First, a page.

Need a reason this month to have a cookie?
The Oreo has been around since 1912 and was originally developed as a knock off for the Hydrox cookie that was manufactured by the Sunshine company starting in 1908. Oreos are now considered the best-selling cookies in the United States.
The National Biscuit Company, now known as Nabisco, first produced the Oreo at their factory in Chelsea, New York which is now the present-day Chelsea Market complex. That block on Ninth Avenue between 15th and 16th is commonly known as “Oreo Way”.
The first Oreos were sold to a grocer on March 6, 1912 in Hoboken, New Jersey and cost 25 cents a pound and sold in clear glass top novelty cannisters.
The name of the cookie has changed over time, it was originally named the Oreo Biscuit and then changed in 1921 to the Oreo Sandwich, 1948 to Oreo Crème Sandwich and then again in 1974 to Oreo Chocolate Sandwich Cookie which is still used today.
The face of the cookie has also transformed through the years, originally the design was a wreath around the edge of the cookie with the name OREO in the center. The current day design was developed in 1952 and incorporates the Nabisco logo.
As all cookie lovers know, there have been a variety of Oreos introduced including the Double Stuff in 1974, the Golden Oreo in 2004 and the Oreo Thin in 2015. Some interesting flavors of Oreos are sold internationally as well.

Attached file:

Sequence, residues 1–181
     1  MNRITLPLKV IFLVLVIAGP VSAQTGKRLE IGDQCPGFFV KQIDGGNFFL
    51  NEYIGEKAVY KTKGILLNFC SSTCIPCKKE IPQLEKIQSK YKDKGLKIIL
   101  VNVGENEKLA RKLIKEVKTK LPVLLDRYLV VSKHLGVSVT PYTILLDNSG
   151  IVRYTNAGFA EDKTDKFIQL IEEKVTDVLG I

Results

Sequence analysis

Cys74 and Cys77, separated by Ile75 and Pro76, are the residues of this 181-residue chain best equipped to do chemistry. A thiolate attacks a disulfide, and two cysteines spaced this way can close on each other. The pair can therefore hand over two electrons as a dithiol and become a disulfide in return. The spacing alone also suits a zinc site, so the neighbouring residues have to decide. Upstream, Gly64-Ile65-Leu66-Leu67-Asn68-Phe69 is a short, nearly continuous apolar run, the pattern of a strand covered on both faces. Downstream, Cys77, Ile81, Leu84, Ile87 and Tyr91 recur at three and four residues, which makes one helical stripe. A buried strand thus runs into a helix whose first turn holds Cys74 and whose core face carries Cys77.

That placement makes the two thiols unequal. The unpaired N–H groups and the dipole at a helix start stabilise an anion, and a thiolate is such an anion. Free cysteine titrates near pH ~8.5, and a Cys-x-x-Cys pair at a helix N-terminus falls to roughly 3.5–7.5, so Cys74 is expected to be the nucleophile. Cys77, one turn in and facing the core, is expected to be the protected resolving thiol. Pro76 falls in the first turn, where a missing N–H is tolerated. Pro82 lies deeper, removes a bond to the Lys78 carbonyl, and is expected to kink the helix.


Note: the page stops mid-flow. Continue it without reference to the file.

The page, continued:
- In China you can get versions of Oreos such as: Hot Chicken Wing, Wasabi and Green Tea flavor cookies. You can get Strawberry
- In Chile, Indonesia, Malaysia, the Philippines, and Singapore: Strawberry
- In Japan: Lemon Oreos
- Thailand flavors: Blue Raspberry Ice Cream, Orange Ice Cream.
How do you eat your OREO?
No matter what flavor of Oreo you choose, the age-old question remains, “how do you eat your Oreo cookie”? Options can include: Twist them apart, eat the cream center first and then put the cookies back together; Twist them apart, eat the crème and cookie side first and then the cookie only side last or vice versa or just eat them whole. Then of course the debate comes into play regarding the milk, with or without, dunk or no dunk. The possibilities are endless!